Tameside: Developing a shared outcomes framework for the local reducing parental conflict programme

Tameside: Developing a shared outcomes framework for the local reducing parental conflict programme


This case example is part of EIF’s (former organisation that merged to become Foundations) ongoing work to showcase how local areas are introducing change, adapting their strategies and changing the way they work to reduce parental conflict and improve outcomes for children.

This is Tameside’s story of using EIF’s RPC outcomes framework tool to develop a shared Tameside outcomes framework for their reducing parental conflict programme. It is told by Rachel Berrisford, team manager for parenting, RPC, STARS and young carers and Tameside’s single point of contact (SPOC) for reducing parental conflict; Becky Saunders, local development advisor at EIF; and Virginia Ghiara, senior research officer at EIF.

The starting point

Tameside is a metropolitan borough of Greater Manchester, bringing together nine towns in the Northwest of England, midway between the Pennines and the city of Manchester. Tameside has a total estimated population of 257,453. There is a rich cultural, religious, and ethnic mix, with around 6.8 per cent of the population from minority ethnic backgrounds other than European, including Afro-Caribbean, Bangladeshi, Chinese, East African, Asian, Indian and Pakistani. Other Tamesiders are of Irish, Italian, Polish or Ukrainian backgrounds. Local data shows that:

  • of the 141 areas in Tameside, 11 fall within the most deprived 5.0 per cent nationally and a further 18 fall within the most deprived 10 per cent nationally
  • 5.4 per cent of households have an adult with a long-term health problem or disability and dependent children
  • 40 per cent of lone parents are not in employment
  • 20 per cent of children in Tameside are living in low-income families
  •  5.1 per cent of households with dependent children have no adults in employment.


Research evidence shows that factors such as financial stress are associated with a higher risk of parental conflict, and that when conflict is frequent, intense and poorly resolved, it puts children’s mental health and long-term outcomes at risk. The importance of addressing parental conflict has recently been recognised by Tameside’s Domestic Abuse Strategy, which includes a reference to parental conflict support.

We wanted to harness the potential of working together across agencies, recognising the services and settings that families access at different moments in their lives, the many opportunities for early identification and intervention, and the pathways to more specialist support where relationship distress exists. We also wanted to build consensus among all staff in contact with families – from youth justice, to housing or employment services, as well as schools, maternity services, early help, children’s services, and mental health.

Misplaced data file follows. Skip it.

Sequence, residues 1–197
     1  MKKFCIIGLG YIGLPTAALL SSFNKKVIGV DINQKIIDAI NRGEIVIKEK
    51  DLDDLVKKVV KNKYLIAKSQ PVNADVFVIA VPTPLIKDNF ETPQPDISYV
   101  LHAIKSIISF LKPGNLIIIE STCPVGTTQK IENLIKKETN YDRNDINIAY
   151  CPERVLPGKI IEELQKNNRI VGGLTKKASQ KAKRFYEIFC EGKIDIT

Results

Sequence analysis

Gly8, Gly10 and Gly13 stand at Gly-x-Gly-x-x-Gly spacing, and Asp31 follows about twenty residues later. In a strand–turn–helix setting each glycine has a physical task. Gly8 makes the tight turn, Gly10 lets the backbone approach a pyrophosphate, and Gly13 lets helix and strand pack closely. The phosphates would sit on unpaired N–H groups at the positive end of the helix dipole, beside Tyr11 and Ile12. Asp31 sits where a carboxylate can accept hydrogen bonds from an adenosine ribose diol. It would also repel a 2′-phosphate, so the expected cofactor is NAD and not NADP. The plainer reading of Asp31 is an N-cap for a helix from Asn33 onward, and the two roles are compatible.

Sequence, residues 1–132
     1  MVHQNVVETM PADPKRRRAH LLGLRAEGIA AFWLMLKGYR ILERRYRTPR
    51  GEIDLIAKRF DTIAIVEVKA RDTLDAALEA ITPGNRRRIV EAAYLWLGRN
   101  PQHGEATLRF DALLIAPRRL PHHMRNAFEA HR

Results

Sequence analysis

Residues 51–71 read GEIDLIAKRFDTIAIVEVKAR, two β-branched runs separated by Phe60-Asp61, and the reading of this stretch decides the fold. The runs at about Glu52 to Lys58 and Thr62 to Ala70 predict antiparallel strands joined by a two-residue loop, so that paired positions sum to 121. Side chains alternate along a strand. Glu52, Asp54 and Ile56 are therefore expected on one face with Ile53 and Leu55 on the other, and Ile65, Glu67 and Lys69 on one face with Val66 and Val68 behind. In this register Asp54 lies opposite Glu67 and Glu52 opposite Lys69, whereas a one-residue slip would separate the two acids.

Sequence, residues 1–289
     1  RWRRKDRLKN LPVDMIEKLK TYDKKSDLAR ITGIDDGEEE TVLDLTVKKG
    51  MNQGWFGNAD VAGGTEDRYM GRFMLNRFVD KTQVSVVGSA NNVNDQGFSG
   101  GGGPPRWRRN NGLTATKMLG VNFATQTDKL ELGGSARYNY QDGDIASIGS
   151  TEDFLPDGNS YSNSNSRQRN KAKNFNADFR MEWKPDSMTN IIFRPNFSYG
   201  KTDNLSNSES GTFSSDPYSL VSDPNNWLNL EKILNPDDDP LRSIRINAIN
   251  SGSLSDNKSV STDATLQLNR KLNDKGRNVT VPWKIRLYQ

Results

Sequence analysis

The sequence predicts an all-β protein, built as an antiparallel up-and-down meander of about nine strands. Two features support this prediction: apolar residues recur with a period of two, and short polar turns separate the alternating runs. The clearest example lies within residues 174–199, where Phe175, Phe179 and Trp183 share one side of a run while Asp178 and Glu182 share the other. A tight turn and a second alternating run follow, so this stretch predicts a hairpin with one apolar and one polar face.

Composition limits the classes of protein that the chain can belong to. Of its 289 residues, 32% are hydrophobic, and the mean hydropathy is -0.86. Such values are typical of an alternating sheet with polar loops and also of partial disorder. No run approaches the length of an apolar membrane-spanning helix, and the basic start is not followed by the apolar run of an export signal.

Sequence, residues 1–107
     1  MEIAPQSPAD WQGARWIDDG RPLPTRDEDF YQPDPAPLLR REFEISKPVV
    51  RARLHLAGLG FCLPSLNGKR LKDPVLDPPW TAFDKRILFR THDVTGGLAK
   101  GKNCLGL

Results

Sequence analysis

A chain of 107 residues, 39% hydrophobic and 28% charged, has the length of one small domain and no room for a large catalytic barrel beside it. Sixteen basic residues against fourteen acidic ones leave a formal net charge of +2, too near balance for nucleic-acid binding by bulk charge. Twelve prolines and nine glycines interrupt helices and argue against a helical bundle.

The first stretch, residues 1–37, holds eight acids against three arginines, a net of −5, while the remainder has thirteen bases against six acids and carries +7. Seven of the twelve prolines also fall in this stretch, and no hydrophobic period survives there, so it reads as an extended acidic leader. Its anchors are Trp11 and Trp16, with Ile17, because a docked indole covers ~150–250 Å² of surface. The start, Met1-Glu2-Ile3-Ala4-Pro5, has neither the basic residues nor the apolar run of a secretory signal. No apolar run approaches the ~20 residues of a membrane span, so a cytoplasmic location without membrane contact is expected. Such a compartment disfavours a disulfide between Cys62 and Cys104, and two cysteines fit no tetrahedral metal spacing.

We felt that by placing children and child outcomes at the centre of our approach and developing a shared outcomes framework we could work with our stakeholders to better identify what a stronger response would look like at a local level. We wanted to consider accumulations of risk factors and reflect on the times in families’ lives when risks of parental conflict are elevated. We also wanted to discuss the mechanisms underlying poor child outcomes.

Crucially, by developing a shared outcomes framework we hoped to be better able to evaluate our impact and understand whether our interventions are having the desired effect.

We received regular structured support from Becky Saunders, one of the local development advisors at EIF, to help us use the EIF RPC outcomes framework tool and develop a shared outcomes framework for Tameside. A key aspect to the work was to reflect on the links between interparental conflict and outcomes for parents and for their children, and create a tangible local framework that we could apply to good effect in Tameside.

Action taken

Despite knowing what we wanted to achieve, and the benefits in so doing for improving child outcomes, the task felt like a considerable one. Supporting staff from a broad range of services to recognise addressing parental conflict as everybody’s business, and to understand the role they could play in the intervention ecosystem meant we had to start with ensuring buy-in at a senior and strategic level. We were keen that our approach should be about enabling others, and that any framework would be co-produced, easy to grasp and meaningful, recognising the realities of people’s busy working lives.

We organised an initial meeting for senior leaders. At the meeting we presented the need for a shared outcomes framework and the research evidence base for a focus on child outcomes. We discussed the impact of exposure to parental discord on children, and the parental and interparental factors known to increase risk. The group was asked to identify staff members to take part in a workshop where we would develop our outcomes framework.